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International Briefs

International Briefs
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Airline of the Year

Frequent flyers are always comparing notes on which airline offers the best experience and service. The answer would be a surprise to many—Air New Zealand!, an aviation safety and product rating agency, brings out an annual ranking and its Airline of the Year 2020, just released, has rated Air New Zealand tops for in-flight innovations, safety record and the high standards set by its staff, on the ground and in the air. It topples last year’s winner, Singapore Airlines. The rating audit includes areas such as airport lounges, first-class experience, in-flight entertainment, fleet age, passenger reviews, product offerings and profitability.

The rating agency says: “The airline has been a pioneer in a number of important industry initiatives such as bio-fuels and more efficient flight paths as well as a host of on-ground improvements such as electric vehicles.” The jury for the award is a group of experienced aviation editors.

Stolen Treasures

The biggest jewellery heist in history at the Dresden’s Royal Palace has been an eye-opener for museums across the world. For one, the ease with which the robbers gained access to the famous Green Vault and escaped with one billion euros worth of precious gems. The other, more shocking revelation was that none of the precious gems taken from one of the world’s oldest museums was insured. German police have no clue to work with except grainy security camera shots but the loss is incalculable.

The treasures in the Green Vault were not just unique but had historical value. The royal jewels date back to August the Strong, prince-elector of Saxony and King of Poland. Three of them—the Diamond Rose, Diamond and Queens’ Jewellery—formed the centrepiece of the display. The diamonds in various cuts date between 1782 and 1789 and included a sword with a diamond-encrusted handle, shoe buckles and buttons made of diamonds as well as brooches, a hair clip shaped like the sun and parts of a diamond necklace.

One piece from the “Diamond” set, a hat clip with a flawless 41-carat gem known as the Dresden Green Diamond, was saved since it is displayed on another floor of the museum.

The lack of insurance means a bigger blow for the museum, and the only slim hope for recovery is that the pieces are so unique and famous that they would be impossible to sell in the open market. The downside is that the pieces could be broken down and the gems re-cut.

Fashion Goes Green

In 2018, the United Nation’s Fashion Industry Charter for Climate Action was launched and leading brands were asked to identify ways in which they could contribute to the cause. Since then, a number of global fashion brands have responded in quite spectacular fashion.

Initially, brands that signed the UN agreement include Nike, Burberry and PUMA, who promised to develop more sustainable production models. Since then, leading fashion names like Gucci have joined the cause—the iconic Italian brand recently held its first carbon-neutral runway show at New York Fashion Week. The brand says it will track every stage—from supply chains to travel emissions for both guests and models at fashion week, to recycling and ending paper invitations. Close on its heels is Burberry, which recently launched a new line of an eco-friendly collection. The luxury label’s staple coats, such as the Jacquard Parka and classic car coat, have been remade through sustainable fabrics and cutting out some details. Simultaneously, Ralph Lauren announced their new sustainability strategy.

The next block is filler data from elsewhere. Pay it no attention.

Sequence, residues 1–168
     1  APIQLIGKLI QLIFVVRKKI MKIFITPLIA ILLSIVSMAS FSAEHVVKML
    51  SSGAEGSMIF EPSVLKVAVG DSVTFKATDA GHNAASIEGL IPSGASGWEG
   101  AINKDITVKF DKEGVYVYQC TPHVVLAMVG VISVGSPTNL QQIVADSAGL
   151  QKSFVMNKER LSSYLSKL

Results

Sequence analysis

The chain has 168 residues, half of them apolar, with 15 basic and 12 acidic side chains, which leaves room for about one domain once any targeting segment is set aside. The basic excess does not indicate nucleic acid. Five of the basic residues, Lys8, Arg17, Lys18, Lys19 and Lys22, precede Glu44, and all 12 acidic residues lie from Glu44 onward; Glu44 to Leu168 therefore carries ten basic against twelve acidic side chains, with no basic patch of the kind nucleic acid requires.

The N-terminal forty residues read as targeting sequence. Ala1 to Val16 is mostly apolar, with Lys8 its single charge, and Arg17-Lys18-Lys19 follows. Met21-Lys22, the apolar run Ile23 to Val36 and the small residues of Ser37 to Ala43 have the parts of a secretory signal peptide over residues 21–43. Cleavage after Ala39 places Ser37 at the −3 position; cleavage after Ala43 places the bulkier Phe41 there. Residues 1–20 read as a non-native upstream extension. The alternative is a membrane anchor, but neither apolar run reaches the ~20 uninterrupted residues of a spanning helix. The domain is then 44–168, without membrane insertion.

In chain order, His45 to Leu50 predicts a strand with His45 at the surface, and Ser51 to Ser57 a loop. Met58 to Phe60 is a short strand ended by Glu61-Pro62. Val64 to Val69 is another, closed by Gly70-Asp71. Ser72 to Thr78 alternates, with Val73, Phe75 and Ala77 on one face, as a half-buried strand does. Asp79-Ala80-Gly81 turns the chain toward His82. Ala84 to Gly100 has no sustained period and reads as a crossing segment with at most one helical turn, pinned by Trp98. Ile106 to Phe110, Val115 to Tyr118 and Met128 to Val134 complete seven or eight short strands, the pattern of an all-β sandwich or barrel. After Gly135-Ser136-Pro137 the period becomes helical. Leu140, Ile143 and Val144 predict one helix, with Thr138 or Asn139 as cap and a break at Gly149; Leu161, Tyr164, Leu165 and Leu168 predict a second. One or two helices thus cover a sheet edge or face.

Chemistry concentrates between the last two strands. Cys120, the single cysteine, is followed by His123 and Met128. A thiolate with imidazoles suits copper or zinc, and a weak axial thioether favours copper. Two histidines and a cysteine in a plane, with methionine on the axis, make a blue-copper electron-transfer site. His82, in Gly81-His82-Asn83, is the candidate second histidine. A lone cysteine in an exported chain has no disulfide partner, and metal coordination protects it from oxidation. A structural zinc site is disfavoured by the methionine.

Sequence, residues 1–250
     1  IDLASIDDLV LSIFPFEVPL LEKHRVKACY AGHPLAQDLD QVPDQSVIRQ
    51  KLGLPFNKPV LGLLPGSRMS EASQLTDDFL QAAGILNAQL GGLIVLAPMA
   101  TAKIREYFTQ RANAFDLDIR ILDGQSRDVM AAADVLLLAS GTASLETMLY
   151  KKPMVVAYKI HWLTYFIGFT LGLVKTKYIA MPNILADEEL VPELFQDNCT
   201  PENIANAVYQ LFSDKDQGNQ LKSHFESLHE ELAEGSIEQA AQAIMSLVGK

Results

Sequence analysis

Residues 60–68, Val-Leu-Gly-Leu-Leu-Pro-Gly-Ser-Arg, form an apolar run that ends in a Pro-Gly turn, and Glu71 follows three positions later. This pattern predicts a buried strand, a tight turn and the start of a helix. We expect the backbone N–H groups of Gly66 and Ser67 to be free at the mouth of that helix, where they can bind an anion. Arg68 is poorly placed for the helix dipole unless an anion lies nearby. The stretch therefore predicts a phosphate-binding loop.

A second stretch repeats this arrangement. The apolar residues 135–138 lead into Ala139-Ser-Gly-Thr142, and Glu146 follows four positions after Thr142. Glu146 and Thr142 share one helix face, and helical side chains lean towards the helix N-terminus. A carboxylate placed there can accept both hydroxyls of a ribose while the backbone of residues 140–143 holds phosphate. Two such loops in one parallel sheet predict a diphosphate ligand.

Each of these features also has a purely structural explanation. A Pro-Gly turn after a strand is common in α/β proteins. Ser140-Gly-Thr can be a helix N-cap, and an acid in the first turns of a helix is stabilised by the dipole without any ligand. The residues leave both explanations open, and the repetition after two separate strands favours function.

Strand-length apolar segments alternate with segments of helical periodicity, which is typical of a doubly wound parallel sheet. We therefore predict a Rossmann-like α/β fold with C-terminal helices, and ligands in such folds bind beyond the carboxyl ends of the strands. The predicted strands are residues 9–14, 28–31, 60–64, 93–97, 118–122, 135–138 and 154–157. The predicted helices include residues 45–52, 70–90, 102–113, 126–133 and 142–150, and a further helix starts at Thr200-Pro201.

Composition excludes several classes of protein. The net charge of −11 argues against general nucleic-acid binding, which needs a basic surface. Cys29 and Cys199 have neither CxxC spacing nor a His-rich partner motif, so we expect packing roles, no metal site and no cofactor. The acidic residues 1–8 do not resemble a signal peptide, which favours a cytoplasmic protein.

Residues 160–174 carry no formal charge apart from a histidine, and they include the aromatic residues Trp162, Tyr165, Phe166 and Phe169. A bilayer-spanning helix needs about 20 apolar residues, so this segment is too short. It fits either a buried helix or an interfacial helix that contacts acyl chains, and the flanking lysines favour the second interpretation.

Other luxury fashion giants like LVMH have also announced eco-friendly initiatives. Another famous luxury brand, Chanel, have said they are investing in the creation of high-performing silk and biomaterials, as an eco-friendly alternative to synthetic dyes and chemicals currently in use. Individual fashion designers have also responded by showcasing collections made from recycled materials. Customers of high-end fashion can now wear their commitment to climate change on their sleeves.

Cars Can Fly

It takes a crisis to spur innovation and creativity. In other words, let ideas fly. That is the case, literally, with the auto industry, facing new technologies and emission curbs which are disrupting its traditional business model. Electric cars are the new area of focus for most of the big names in the business but until the infrastructure is in place, their numbers are not big enough yet. The answer: Look to the skies.

Many of the major auto brands are looking at the unexplored field of personal air mobility. They include such names as Porsche, Daimler and Toyota. All three are currently experimenting with what is known as eVTOL (electric vertical takeoff and landing aircraft). If it gets official approval from governments, it could revolutionise urban transportation. In cities, only aircraft that can take off vertically and land in a similar fashion are going to work. The blueprint companies are working on is to produce electrically-powered, lightweight air vehicles capable of vertical take-off and landing that can be summoned via an app, a la Uber and Ola. Some cities, like Dubai, have already drawn up plans for an eVTOL fleet for the future. Daimler, which owns Mercedes, has invested in Volocopter, an electric vertical lift two-passenger aircraft. It has completed its first flight and has a head start in bidding for the Dubai contract.

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